Very little is actually known with certainty regarding Catholics in Concord during the colonial period. English Jesuit missionaries had been active in Maryland from the first landing there in 1634. They had expanded into Delaware and then Pennsylvania about 78 years later. The first mission of The Roman Catholic church within the limits of Chester county must have been established between the years 1730 (when a misison was set up at the residence of Thomas WILCOX at Ivy Mills as early as 1720), but but 1729 is usually given as the date of the founding of the present parish of St. Thomas the Apostle. Jesuit missionaries stopped regularly at St. Mary's chapel at the Willcox's on their way from Bohemia to serve Philadelphia Catholics and 1757 at which latter date it appears there were in Chester county, under care of Robert HARDING, 18 men and 22 women; under care of Theodore SCHNEIDER , German heritage, 13 men and 9 women; Irish, 9 men and 6 women; under care of Ferdinand FARMER, Irish 23 men and 17 women; German, 3 men. Robert HARDING was a priest residing in Philadelphia, but the location of the others is not stated. By 1733, the Jesuits established St. Joseph's church in Philadelphia and from there they continued to visit the faithful at Concord and other outposts until 1790. The success of the Wilcox family indicates that, true to Penn's promise of religious freedom, throughout the colonial period Catholics found unhampered opportunity to practice their religion and pursue their livelihoods side by side with the Friends, Anglicans, and Baptists who made up the Concord community.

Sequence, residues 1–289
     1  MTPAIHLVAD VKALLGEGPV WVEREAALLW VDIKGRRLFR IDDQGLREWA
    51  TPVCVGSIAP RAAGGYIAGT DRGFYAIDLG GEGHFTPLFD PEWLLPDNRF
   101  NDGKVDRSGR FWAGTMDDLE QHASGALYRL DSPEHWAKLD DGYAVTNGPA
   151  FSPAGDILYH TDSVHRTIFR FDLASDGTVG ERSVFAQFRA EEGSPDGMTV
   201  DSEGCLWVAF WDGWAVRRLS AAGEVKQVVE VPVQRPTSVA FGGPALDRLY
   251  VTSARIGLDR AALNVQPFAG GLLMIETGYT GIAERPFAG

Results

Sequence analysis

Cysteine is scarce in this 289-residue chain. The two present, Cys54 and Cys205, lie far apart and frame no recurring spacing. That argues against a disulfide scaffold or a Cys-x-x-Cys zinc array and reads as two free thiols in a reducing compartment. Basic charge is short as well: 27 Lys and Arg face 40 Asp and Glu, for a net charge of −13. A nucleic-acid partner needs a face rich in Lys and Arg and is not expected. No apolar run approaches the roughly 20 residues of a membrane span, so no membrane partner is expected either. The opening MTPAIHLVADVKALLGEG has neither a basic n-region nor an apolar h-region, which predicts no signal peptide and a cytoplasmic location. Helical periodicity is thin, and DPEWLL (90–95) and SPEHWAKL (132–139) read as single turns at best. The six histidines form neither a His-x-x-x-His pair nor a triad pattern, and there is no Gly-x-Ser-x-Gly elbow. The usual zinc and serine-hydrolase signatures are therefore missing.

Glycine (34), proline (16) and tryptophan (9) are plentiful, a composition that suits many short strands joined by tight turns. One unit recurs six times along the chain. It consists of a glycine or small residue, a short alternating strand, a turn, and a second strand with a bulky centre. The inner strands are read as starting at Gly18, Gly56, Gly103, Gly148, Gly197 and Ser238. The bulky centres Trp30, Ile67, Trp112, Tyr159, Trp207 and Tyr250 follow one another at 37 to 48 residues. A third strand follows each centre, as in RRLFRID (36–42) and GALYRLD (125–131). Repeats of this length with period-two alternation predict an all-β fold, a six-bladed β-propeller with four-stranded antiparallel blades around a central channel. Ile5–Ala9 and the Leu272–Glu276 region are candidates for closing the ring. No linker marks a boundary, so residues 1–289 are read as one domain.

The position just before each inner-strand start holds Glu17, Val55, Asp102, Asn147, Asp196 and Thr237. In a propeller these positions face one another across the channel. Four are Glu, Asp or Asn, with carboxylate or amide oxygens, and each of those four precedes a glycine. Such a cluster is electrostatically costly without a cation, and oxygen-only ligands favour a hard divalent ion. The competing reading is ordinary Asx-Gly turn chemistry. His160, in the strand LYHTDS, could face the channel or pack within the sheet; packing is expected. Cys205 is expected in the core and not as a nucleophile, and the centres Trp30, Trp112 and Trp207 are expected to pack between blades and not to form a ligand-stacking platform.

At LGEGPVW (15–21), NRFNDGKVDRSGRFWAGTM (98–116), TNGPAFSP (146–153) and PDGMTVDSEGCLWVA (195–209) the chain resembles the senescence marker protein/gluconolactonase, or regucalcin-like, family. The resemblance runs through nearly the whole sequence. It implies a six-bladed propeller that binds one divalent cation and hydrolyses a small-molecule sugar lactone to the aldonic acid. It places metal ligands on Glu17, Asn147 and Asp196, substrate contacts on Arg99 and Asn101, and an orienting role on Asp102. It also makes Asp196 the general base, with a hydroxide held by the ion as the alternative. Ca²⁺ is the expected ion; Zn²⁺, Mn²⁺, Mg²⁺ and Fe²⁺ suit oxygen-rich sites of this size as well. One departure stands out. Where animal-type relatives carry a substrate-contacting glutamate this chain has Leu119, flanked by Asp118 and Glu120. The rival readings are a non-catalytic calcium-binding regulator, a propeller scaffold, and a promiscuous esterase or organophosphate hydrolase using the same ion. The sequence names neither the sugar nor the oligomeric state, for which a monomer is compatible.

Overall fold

Catholics at this time were few and were served by these missionary priests who rode a mission circuit. Both Father Harding and Father Farmer were stationed at St. Joseph's Church in Phladelphia. Father Schneider was from the chapel of St. Paul at Goshenhoppen in Berks Co. The records of the people served by these priests will be found in the registers of the Church which the missionary was from.
Local Roman Catholic research
For Catholic Records, I believe you can write to the Philadelphia Archdiocese.
Try this website and select some of their subscreens.
I do know that records from Philadelphia Catholic Churches and maybe more are at the Phila Archdiocesan Historical Research Institute, which is part of St. Charles seminary. The address is 1000 East Wynnewood Road, Wynnewood PA 19096, and their phone number is 610-667-2125. Ask for the librarian.